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When a Kiss Is Just a Kiss

Television * Unlike the backlash that hit 'Ellen's' coming-out episode in 1997, there appears to be little uproar over a gay couple kissing on 'Will & Grace' tonight.


Tonight on "Will & Grace," gay friends Jack (Sean Hayes) and Will (Eric McCormack) kiss. And the laughs just keep on coming. But will the protests?

Not if recent history holds.

The NBC sitcom has largely flown under the radar of outrage in its year and a half on the air, even though it once seemed destined for the same fishbowl in which the ABC sitcom "Ellen" was placed in 1997, when star Ellen DeGeneres' character came out as a lesbian.

"We all waited, after the ["Will & Grace"] pilot aired, for the backlash, and it didn't come," said Scott Seomin, entertainment media director of the Gay and Lesbian Alliance Against Defamation.

The theory--and this is according to everybody from the show's creators to the Parents Television Council, the family-viewing watchdog group that has been most vocal in opposing the show's content--is that while "Will & Grace" involves gay characters and lampoons them, it doesn't stare too directly at gay issues, as critics of "Ellen" used to maintain. Or as "Will & Grace" co-creator Max Mutchnick puts it, talking about the singularly comedic tone of the show and its two gay characters: "Nothing's in bold about their being gay."

This may make "Will & Grace," which is ostensibly about the bond between Will, a yuppie gay man, and Grace (Debra Messing), a straight woman, less socially relevant or even a cop-out to some. But by keeping things silly and full of sexual innuendo, the show has not only found an audience (it's averaging 12.1 million viewers this season, a 13% increase over last year, according to Nielsen Media Research), it's also been able to venture into terrain that has proven problematic for others.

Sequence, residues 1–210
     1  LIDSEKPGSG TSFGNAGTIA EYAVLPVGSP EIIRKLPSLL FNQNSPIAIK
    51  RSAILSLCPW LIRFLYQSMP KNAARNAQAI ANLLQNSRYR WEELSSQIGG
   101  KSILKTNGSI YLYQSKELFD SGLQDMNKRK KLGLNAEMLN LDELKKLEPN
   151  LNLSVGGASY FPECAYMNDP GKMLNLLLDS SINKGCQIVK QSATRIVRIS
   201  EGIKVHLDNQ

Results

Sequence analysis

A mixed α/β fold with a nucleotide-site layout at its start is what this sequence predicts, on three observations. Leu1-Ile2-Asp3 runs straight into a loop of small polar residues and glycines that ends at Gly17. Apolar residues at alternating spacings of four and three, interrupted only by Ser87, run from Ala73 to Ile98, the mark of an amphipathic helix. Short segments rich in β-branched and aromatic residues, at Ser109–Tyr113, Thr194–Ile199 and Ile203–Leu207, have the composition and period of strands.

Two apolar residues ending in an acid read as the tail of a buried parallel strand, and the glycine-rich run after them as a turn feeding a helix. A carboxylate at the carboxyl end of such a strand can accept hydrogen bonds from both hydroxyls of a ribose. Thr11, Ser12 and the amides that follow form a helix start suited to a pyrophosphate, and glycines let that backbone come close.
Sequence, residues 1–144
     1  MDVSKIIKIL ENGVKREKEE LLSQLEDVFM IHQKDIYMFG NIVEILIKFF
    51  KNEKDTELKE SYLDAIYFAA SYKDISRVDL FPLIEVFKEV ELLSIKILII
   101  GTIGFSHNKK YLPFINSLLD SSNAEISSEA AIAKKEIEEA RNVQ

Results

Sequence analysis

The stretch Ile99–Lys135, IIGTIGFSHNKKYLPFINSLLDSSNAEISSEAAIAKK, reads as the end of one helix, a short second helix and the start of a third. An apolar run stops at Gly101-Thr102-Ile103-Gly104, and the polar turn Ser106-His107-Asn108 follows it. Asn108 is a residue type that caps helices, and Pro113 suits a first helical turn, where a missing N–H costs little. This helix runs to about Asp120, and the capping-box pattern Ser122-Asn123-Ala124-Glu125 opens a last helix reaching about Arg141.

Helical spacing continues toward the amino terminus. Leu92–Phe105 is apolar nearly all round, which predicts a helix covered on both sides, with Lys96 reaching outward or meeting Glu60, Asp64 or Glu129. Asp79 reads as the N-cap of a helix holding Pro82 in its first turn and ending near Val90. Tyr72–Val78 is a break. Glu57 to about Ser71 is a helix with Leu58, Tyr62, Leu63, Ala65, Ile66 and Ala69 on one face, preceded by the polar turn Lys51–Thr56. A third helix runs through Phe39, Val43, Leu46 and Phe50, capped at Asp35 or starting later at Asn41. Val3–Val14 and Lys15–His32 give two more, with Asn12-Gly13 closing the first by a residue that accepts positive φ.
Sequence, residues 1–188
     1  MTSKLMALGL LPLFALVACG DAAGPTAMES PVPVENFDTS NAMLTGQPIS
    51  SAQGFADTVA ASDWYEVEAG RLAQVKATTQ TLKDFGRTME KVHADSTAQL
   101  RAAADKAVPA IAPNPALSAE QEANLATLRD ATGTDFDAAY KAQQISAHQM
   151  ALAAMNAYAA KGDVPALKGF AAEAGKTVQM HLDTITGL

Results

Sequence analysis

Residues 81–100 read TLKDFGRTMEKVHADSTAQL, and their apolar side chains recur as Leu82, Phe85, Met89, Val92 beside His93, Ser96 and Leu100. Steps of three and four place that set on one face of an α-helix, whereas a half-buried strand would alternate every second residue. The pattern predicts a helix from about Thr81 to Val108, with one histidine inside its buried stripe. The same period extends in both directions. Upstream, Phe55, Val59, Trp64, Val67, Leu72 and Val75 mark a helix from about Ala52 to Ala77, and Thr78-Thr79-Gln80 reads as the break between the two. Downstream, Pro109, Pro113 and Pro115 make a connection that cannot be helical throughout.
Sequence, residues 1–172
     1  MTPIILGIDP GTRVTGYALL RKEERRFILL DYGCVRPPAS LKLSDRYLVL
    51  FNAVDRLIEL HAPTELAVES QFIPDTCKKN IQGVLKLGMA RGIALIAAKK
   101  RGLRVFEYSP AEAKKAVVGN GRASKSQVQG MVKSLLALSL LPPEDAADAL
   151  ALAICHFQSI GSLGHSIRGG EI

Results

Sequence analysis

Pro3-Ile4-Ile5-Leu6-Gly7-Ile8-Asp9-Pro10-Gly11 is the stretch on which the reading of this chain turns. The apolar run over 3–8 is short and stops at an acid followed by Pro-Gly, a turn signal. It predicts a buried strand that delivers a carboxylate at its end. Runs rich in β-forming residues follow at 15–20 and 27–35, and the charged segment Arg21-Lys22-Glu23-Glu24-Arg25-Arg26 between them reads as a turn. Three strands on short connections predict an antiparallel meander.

Take tonight's episode, which indirectly comments on all the hand-wringing that gay-themed TV has caused in the past.

In the episode, Jack tunes into his favorite NBC sitcom because the show's two gay characters are going to have a historic kiss ("One giant step for man-on-mankind," deadpans Will). But at the moment of truth, the camera pulls away. Jack is incensed and persuades Will to join him in protesting at NBC, where the two are turned away by a closeted assistant to the network president. But the two exact a measure of revenge in the end, cutting to the front of the sidewalk audience on NBC's "Today" show and kissing each other for the cameras.

The idea for the episode, say Mutchnick and fellow creator and executive producer David Kohan, was inspired by just such an incident on "Today" last year. Here, the kiss is played as broad farce, which has been the point of their show all along, they say. This is also why the media have tried to latch onto a controversy with their series and found no traction, adds Mutchnick.

"Everybody's disappointed that there's not a more delicious story here. There isn't a fight going on. The story is that there's no story," he said.

In fact, as of Friday, the Parents Television Council's Web site didn't even have Tuesday's "Will & Grace" episode updated in its weekly logs, though Steve Schwalm, the council's director of operations, said the site had been experiencing technical problems of late.

Told of the episode's content, Schwalm wasn't alarmed. "It doesn't merit special attention," he said. The Parents Television Council has "Will & Grace" under a general red alert anyway, due to the show's general sexual content, he added.

An NBC spokesperson said the network has felt no advertiser or viewer backlash over the episode, though such ramifications typically take place after an offending episode airs.

Kohan says the only pressure the writers feel to delve more deeply into gay themes is coming from the characters. Though "Will & Grace" began with Will in recovery from a breakup, he's now beginning to date. "You want to give them real lives, you want to give them emotional lives, and at some point that's going to be a romantic life," Kohan said. "I would think a guy like Will would have to get involved with someone eventually."

Added Mutchnick, who's become particularly artful at breezing past the question: "We're going to tell every kind of story. Just be patient. It's all coming at you."

* "Will & Grace" airs on NBC on Tuesday nights at 9. The network has rated it TV-PG (may be unsuitable for young children).

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